Tracking Cats: Using Stable Isotopes To Geographically Place Mammalian Carnivores

All African felids are considered either vulnerable to extinction or endangered on the IUCN (International Union for Conservation of Nature) Red List. These iconic and charismatic species face many anthropogenic threats which include predator control, loss of habitat or prey, and direct hunting for trophies or curatives. In addition, many species or their parts are also subject to the illegal wildlife trade. For such vulnerable or endangered species, the ability to link individuals to their geographic origin is an important tool for forensic or conservation purposes.

One tool that researchers can use to assign organisms to their environment are the ratios of the stable isotopes of hydrogen and oxygen in tissues. Isotopes are variants of elements that vary in the number of neutrons and, thus, mass. The relative distributions of stable-hydrogen and oxygen isotopes do not decay, but instead vary globally in environmental waters. Because H and O in animals are derived to a great extent from water, researchers can measure the stable isotope distribution of these tissues to get an idea of where animals are from. For mammals, the most common tissue used is hair or claws because these tissues are easily sampled and, once formed, are relatively inert and resistant to decay.

Obligate carnivores, such as cats, only eat meat and drink very little water, so it was generally believed their unique physiology obscures any stable isotope patterns. Dogs, on the other hand, are facultative carnivores and, like omnivores such as humans, they readily drink water, and thus a good relationship between the relative hydrogen and oxygen isotope distributions in their hair and environmental water should exist. To test this hypothesis, we measured the hydrogen and oxygen stable isotope ratios in the fur of domestic cats (Felis catus) and dogs (Canis lupus familiaris) in urban animal shelters from different places in North America, and thus, from different environmental H and O stable isotope compositions of water.

We determined that not only did the stable isotope ratios of hydrogen and oxygen of dog fur vary predictably depending where the animals were from but, surprisingly, so did those of cats. The relationship between the isotopic compositions of fur and water in cats was different than that measured in dogs and is likely a result of the obligate carnivore physiology of felids and their water-conserving nature.

Fig 1. Figure 1. One of the cougars (Puma concolor) used in our study.

To be able to apply this to wild carnivores, we also measured samples of wild and captive big cats, such as cougars (Puma concolor – Fig. 1), lions (Panthera leo), tigers (Panthera tigris), and bobcats (Lynx rufus), and wild dogs, such as foxes (Vulpes vulpes), coyotes (Canis latrans), and wolves (Canis lupus). We found that the wild cats and dogs we examined followed the same H and O isotopic trends as their domestic cousins (Figure 2).

Figure 2. Relationship between a) cat (F. catus) and b) dog (C. lupus familiaris) hair stable isotopes of hydrogen and oxygen. Also included are wild and captive bobcats, cougars, tigers, lions, coyotes, wolves, and foxes (L. rufus, P. concolor, P. tigris, P. leo, C. latrans, C. lupus, and V. vulpes).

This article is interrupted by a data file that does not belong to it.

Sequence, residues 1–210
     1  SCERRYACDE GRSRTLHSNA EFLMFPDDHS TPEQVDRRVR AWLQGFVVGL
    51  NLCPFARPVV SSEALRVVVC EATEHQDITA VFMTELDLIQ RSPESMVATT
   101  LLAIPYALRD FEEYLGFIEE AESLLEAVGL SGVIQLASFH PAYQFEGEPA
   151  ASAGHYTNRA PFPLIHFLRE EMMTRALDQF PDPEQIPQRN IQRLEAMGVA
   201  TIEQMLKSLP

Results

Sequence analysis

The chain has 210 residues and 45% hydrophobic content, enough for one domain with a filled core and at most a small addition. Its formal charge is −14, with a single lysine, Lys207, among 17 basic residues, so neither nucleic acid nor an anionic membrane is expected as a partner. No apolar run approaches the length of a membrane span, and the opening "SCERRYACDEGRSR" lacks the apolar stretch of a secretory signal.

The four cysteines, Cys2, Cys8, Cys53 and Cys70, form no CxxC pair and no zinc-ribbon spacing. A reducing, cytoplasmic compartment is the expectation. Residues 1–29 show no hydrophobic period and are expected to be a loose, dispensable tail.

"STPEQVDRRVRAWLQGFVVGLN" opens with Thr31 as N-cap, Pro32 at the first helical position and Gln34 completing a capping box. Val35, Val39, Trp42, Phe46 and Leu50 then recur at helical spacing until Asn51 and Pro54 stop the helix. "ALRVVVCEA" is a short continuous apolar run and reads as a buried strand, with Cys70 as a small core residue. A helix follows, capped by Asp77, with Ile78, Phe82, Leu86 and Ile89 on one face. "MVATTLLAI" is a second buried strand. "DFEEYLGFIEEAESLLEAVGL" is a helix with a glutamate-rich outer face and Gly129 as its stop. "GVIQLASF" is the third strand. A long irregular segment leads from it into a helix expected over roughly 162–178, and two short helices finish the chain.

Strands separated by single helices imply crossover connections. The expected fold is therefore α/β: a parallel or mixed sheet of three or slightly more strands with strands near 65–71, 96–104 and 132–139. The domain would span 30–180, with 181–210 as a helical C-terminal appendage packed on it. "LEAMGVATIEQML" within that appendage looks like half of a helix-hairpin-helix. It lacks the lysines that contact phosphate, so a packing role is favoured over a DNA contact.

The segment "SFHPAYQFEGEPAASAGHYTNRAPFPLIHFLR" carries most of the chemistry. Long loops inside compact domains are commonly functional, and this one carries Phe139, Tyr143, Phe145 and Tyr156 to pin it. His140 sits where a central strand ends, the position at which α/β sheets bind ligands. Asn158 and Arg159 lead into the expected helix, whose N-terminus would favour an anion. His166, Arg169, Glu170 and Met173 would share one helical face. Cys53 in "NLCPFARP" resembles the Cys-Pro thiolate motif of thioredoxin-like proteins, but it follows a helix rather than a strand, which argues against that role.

These findings open up new avenues for conservation and forensic tracking of wild cats and dogs. This is important because many of the large mammalian carnivores are currently under threat worldwide and new methods are needed for geographic placement of these taxa and their parts.

These findings are described in the article entitled Tracking cats revisited: Placing terrestrial mammalian carnivores on δ2H and δ18O isoscapes, recently published in the journal PLOS One.

About The Author

Geoff Koehler

Geoff Koehler graduated with a Ph.D. in Stable Isotope Geochemistry from the University of Saskatchewan in 1997. After managing the stable isotope laboratory at the University of California in Santa Cruz, he accepted a position at the Stable Isotope Laboratory of Environment and Climate Change Canada in Saskatoon. Geoff has a broad range of interests and has published on many aspects of stable isotope science, including stable isotope hydrology, characterization of deep basinal fluids, origins of nutrients using stable isotope methods, and stable isotope ecology and forensics. He is currently the director of the NHRC Stable Isotope Laboratory and holds an adjunct professorship in the School of Environment and Sustainability at the University of Saskatchewan.

Keith Hobson

Keith Hobson is a senior Research Scientist with Environment and Climate Change Canada and currently a visiting professor at the University of Western Ontario in Canada. Dr. Hobson received his B.Sc. in Physics at Simon Fraser University, an M.Sc. in Zoology from the University of Manitoba followed by a focus on applications of stable isotopes to ecological studies starting with his PhD from University of Saskatchewan in 1992. Since then, Dr. Hobson has received numerous awards including induction as a Fellow into the Royal Society of Canada and has published over 550 peer-reviewed scientific publications, eight book chapters and is co-editor with Dr. Len Wassenaar of the recent second edition of the book Tracking Animal Migration with Stable Isotopes. Dr. Hobson’s recent research centers on refining and applying stable isotopic tools to assist in the study and conservation of migratory animals including birds, mammals and insects. Dr. Hobson is currently Editor of Avian Conservation and Ecology and the subject editor for several other international journals.

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